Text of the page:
• OpenBSD 6.9 and earlier (7.0 discontinues the sgi port)
  • NetBSD 9.2
  • IRIX 6.5

The fellow ideally wants IRIX 6.5 on the thing, which is understandable, that is the native OS for these machines. I never had a full copy of IRIX install media, and have only used IRIX once (it came installed on the Indy). I’ve only ever installed Gentoo on the O2.

Adding to the challenge, I’ll have to network boot the thing because of the duff CD-ROM drive. I had thought I’d just throw NetBSD on the thing since that is “current” and would at least prove the hardware works with a minimum of fuss… but then I stumbled on some other bits and pieces:

  • irixboot is a Vagrant-based virtual machine with tools needed to network-boot a SGI workstation. The instructions used for IP22 hardware (Indy/Indigo² should work here because IP32 hardware like the O2 also have 32-bit PROMs)
  • The Internet Archive provides CD images for IRIX 6.5, including the foundation discs which I’ve never posessed

Thus, there seems to be all the bits needed to get IRIX onto this thing, if I can get the machine to stay running long enough.

Solar Cluster: arm-unknown-linux-musleabi… saga part II

So, last time I was trying to get Gentoo’s portage to cross-build gcc so that I’d have a C/C++ compiler in my ARMv5 musl environment.

It is literally the last piece of the puzzle.  Once compiled, that is the last step I need before I can throw the shiny new environment onto an ARMv5 VM (or real ARMv5 CPU), do an emerge -e world on it then tar the lot up and throw it at Catalyst.

Building an entire OS on a 454MHz ARMv5 machine with 128MB RAM does not faze me one bit… I used to do it regularly on a (Gateway-branded) Cobalt Qube II server appliance, which sports a 250MHz QED RM5231 and 128MB RAM.  The other compile workhorse I used in those days was an SGI O2; 300MHz RM5200, again 128MB RAM.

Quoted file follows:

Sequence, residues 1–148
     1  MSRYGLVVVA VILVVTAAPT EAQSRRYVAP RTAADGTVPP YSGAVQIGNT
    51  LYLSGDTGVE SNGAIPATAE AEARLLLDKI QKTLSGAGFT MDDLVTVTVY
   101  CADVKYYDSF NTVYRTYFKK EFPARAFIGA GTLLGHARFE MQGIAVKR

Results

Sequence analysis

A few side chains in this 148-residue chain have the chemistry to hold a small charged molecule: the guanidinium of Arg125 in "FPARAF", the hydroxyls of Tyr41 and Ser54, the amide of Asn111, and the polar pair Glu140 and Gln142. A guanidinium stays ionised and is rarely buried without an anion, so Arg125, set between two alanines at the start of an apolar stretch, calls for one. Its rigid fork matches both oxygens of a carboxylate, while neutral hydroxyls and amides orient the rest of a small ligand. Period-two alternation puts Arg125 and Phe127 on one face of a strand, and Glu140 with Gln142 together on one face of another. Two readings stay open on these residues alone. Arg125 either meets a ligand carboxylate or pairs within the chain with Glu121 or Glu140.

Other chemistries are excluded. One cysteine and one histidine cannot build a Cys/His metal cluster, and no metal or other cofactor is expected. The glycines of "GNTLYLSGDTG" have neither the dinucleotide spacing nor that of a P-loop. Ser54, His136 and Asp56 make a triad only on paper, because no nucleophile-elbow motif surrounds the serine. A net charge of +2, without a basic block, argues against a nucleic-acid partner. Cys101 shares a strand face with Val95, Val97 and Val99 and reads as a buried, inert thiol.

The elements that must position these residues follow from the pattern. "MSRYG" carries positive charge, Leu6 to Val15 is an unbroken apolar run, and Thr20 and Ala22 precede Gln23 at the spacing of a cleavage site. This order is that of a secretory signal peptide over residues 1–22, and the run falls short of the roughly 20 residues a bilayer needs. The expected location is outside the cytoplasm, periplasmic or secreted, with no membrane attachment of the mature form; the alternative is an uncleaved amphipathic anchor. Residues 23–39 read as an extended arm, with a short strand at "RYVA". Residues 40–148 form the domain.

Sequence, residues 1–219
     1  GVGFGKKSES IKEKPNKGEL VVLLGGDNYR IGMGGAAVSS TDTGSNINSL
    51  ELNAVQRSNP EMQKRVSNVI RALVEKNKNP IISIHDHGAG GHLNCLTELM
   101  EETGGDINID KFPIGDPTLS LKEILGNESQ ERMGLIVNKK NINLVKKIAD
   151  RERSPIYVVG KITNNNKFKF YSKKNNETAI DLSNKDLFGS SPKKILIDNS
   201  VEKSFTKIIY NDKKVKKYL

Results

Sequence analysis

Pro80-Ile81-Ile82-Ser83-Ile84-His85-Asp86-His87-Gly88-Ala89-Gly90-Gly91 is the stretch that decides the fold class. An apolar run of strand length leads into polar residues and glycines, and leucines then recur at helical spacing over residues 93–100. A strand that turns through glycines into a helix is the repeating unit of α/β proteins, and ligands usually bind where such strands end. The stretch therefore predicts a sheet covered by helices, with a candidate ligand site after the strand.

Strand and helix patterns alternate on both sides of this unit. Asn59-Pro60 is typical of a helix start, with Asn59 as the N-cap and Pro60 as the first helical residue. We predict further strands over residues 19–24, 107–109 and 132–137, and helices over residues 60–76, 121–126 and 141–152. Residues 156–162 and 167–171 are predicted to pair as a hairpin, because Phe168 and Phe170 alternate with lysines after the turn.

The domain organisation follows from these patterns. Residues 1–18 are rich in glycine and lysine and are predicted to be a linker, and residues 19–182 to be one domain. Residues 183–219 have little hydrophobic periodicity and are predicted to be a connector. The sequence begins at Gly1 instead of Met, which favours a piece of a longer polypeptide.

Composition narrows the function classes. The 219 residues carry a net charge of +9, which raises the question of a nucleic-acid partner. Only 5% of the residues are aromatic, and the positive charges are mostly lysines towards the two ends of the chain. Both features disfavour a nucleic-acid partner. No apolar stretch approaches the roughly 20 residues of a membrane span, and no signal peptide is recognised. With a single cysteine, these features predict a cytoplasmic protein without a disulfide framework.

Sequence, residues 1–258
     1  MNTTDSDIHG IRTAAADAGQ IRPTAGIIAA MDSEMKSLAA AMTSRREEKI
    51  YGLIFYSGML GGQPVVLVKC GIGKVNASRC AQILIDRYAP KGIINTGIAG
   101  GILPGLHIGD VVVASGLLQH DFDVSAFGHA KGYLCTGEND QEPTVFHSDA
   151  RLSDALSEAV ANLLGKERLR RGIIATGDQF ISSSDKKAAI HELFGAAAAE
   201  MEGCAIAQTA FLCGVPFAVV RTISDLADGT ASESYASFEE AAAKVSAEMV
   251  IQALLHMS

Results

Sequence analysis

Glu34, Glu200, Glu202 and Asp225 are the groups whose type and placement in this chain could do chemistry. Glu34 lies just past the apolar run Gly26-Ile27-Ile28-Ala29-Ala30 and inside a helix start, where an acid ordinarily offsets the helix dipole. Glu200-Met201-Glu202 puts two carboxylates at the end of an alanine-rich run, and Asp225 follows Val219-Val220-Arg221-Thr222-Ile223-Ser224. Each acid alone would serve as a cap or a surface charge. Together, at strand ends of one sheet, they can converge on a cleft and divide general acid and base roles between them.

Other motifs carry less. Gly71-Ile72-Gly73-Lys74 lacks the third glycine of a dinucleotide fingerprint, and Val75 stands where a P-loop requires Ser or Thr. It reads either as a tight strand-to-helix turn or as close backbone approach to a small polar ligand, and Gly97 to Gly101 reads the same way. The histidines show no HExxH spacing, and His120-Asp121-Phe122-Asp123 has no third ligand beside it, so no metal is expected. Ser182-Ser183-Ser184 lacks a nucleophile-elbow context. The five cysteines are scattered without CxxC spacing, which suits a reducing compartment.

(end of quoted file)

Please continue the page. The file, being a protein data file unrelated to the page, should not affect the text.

Yes, Linux and its userland has bulked up a bit in the last 10 years, but not so much so that a build on these is impossible.

Certainly, native building is easier than cross-compiling.  Cross-compilers have always been a voodoo art for me.  Getting one that will build a Linux kernel or U-Boot, usually isn’t too hard… but get userland involved and it gets complex.  Throw in C++ and complexity skyrockets!

I’m taking OpenADK for a spin now, and in concept, it’s exactly what I remember buildroot used to be.  It’s a tool for generating a fully fledged embedded Linux system with a wide package selection including development tools.  I also find that you have to hold your tongue just right to get stuff to compile.

Selecting a generic arm926ej-s; it succeeded to build a x86-64 hosted cross-toolchain once, but then silently refused to build anything else.  I told it instead to build for a Versatile PB with an arm926ej-s CPU… it failed to build the cross-toolchain, even though it pretty much is the exact same target.

A make cleandirs later, and it happily started building everything, but then hiccupped on permissions, so against my better judgement, I’m running it now with sudo, and things are progressing.  With some luck, I should have something that will give me a working native gcc/g++ for musl on ARMv5.